Well, I just got a job for the summer (my first job ever… I know I’m 19, but I’ve never needed or been forced to get a job before, so cut me some slack). And I’m definately getting minimum wage out of it. The job? Not flipping burgers. Not filing papers. Not bagging groceries. I’m working at a day camp from 8 to 4 every week day. A summer camp. I carry around a backpack, round up a group of between 15 and 40 kids a day, trek around the great outdoors in 90 degree + Alabama heat, get bit by bugs, burned to death by the sun, and get hoarse from yelling at kids to stop hitting, kicking, screaming, biting, stealing, crying, etc. This is definately not a job for the lazy or impatient. And I would lovelovelove to be paid more for it.
Granted I would probably spend my extra money on clothes or CDs or something, but still, this is hard work and the money is hard earned. What is minimum wage in Alabama? I think it’s $5.15… we’re always skating by with doing only so much as we’re made to do.
But I do agree that there are plenty of lazy people out there. But why punish the rest of us? Why not just fire the lazy people and have done with it?
…Maybe I’m just a little bitter at all the rest of my friends who can do a lot less work in a nice air conditioned building and get paid more than me. It just doesn’t seem fair in my eyes.
But I am extremely excited that I’ll finally be able to tithe something at church instead of either giving nothing cause I’m broke, or giving a few bucks of my parents’ money. Hmm… not something you hear from teenagers very often these days, right? Excitement at giving 10% or more of their paychecks away to church every paycheck. Bur we’re getting a new children’s minister at church this year straight out of the Southern Baptist Theological Seminary, so I think the church needs a little extra funds to add a new name to the payroll.
But I think the wage should fit the job. Compare the skill level of ringing up Icee’s at a gas station and keeping 41 ten year old girls from killing each other. Hmm. There’s that bitterness again.
Annie | Email | Homepage | 05.30.05 – 1:06 am | #
need “X” number of employees as minimum staff
When I was at BYU (about thirty years ago) Utah had two different minimum wages. One applied to BYU students, the other to the rest of the state. The “student special” was lower.
It did not result in any more employment in the vast amount of places students were employed, just lower wages in Provo. That observation got my attention then.
Interesting, though, to watch the debates, especially as the minimum wage is a marker for a number of other things (many things are defined in terms of the minimum wage, or used to be, which is why the strong interest in it by people
Stephen M (Ethesis) | Email | Homepage | 05.30.05 – 10:04 am | #
“Why doesn’t industry just charge higher prices for its products? This merely attempts to shift the burden of paying the higher wages to consumers.”
Oh. Right. Increasing expenses for consumers is the perfect answer to the problems consumers face of not having enough money to pay their expenses. Presumably, minimum wage is about raising baseline wage amounts to match standard of living, not about ensuring employees are worth more.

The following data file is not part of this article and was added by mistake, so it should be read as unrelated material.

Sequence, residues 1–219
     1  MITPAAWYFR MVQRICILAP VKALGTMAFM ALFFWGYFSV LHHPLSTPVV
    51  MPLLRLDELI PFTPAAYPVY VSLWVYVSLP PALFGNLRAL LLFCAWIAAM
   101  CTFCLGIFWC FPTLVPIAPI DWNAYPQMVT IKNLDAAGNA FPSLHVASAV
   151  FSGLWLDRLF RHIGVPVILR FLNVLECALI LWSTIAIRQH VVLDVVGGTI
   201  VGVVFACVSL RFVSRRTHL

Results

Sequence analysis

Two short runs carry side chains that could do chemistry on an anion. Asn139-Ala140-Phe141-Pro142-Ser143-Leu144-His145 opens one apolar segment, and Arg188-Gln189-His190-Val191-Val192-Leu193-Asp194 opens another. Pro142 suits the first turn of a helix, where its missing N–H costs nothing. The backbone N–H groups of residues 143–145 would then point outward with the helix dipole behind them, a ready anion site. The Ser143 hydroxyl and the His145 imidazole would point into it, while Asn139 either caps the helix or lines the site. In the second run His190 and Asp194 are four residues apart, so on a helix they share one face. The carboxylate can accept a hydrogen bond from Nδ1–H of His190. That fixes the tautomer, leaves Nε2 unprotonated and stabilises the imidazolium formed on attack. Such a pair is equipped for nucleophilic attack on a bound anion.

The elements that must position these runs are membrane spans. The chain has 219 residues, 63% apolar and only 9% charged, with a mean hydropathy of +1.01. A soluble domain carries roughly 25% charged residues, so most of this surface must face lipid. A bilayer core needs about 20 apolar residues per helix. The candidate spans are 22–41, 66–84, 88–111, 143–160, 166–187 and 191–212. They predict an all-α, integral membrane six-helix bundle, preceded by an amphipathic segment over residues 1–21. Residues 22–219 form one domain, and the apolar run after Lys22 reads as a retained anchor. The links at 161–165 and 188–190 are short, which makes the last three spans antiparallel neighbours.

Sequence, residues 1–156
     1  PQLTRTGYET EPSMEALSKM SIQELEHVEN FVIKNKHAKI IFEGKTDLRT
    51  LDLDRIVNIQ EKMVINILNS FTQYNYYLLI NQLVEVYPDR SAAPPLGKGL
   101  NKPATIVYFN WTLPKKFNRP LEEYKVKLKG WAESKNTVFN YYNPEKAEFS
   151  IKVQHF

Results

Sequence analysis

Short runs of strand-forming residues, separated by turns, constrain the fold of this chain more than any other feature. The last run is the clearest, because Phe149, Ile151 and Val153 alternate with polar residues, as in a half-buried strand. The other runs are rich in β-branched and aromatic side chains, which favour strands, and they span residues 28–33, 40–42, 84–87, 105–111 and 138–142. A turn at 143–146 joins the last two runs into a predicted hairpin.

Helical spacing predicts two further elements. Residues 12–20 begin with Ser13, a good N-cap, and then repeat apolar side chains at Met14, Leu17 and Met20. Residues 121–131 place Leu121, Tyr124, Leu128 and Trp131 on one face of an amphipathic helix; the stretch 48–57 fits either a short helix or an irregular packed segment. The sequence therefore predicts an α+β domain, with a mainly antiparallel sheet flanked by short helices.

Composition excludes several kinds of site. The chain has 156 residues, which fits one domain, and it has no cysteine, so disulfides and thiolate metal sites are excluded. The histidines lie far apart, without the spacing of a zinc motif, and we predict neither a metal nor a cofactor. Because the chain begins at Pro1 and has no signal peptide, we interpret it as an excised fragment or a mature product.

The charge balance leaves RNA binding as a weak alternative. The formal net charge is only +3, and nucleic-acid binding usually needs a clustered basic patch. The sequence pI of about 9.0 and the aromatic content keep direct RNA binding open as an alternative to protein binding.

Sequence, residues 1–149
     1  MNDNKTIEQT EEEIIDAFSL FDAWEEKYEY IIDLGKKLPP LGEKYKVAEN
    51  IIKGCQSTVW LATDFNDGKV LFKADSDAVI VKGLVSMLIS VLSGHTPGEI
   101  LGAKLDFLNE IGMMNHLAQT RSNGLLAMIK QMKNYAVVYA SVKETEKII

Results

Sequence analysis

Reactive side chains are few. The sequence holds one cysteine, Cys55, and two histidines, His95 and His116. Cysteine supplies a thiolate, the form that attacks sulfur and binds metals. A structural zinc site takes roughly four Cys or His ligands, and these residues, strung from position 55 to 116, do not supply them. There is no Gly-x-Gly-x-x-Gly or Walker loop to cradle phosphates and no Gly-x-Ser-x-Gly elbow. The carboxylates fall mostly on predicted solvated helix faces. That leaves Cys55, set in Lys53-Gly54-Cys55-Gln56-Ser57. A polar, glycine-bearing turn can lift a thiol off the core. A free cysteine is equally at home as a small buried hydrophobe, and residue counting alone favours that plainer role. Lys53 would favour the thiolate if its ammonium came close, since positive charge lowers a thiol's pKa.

Kim Siever | Email | Homepage | 05.30.05 – 2:52 pm | #
If you are not happy with what you earn, increase your productivity. The other option is to convince others (i.e., government) to steal for you, via forced wages and/or welfare.
Daylan Darby | Email | Homepage | 06.01.05 – 11:26 pm | #
“If you are not happy with what you earn, increase your productivity.”
That would work fine for jobs that pay via piece work. However, in an hourly wage job, benign more productive doesn’t increase one’s pay, it only increase the company’s return on the wage it pays out. Same goes for salary-based wages.
I am not saying that minimum wage is a good or bad thing, I was just stating that passing on the cost of increased minimum wage to consumers only creates higher minimum wage in the future. The cause and effect of minimum wage is very cyclical.
Kim Siever | Email | Homepage | 06.02.05 – 12:49 pm | #
“…benign more productive…”
That should be “being more productive”.
Kim Siever | Email | Homepage | 06.02.05 – 12:49 pm | #
“As an employer I find the high minimum wage is determental to me and to those entry level, unskilled workers who need a job.”
It’s only a problem for the unskilled entry level worker if you as an employer feel that paying them slightly better is detrimental and thus raise the bar.
We can’t all be rocket scientists simply b/c for some brain power gives out. We find a problem when the man on top really feels he is better and thus more deserving of money. I’m sure your burger shops wouldn’t do so well if you didn’t have us poor entry level workers. Us minimum wagers are just as important to the workings of society as the guy on top delegating power. While I am in a position where a low paying job is detrimental it also means I have to work at my college degree extremely slowly. I also get to meet the other bottom dwellers that seem to be beneath your notice that really DO have faimilies and this is how they make ends meet, they are a lot more dedicated and commited than me who views this as a temporary stopping ground, but people constantly ignore them. If I call out it means I miss a few bucks for college (which I’ll put in a loan I’ll pay back later or it means I take one less class the coming semester) if others call out it means their kids don’t eat. Minimum wage doesn’t keep us out of poverty, but if more employers think like you I am for darn sure glad the government even bothered.
But you don’t have to listen to me who is a slightly overpaid clerical nobody. I wonder how many employees you’d still have if they knew you felt so… the sad thing is that job probably really is that important to some of them that they’ll even suffer listening to someone who can’t see beyond their own nose.
eirann | Email | Homepage | 08.10.05 – 5:04 pm | #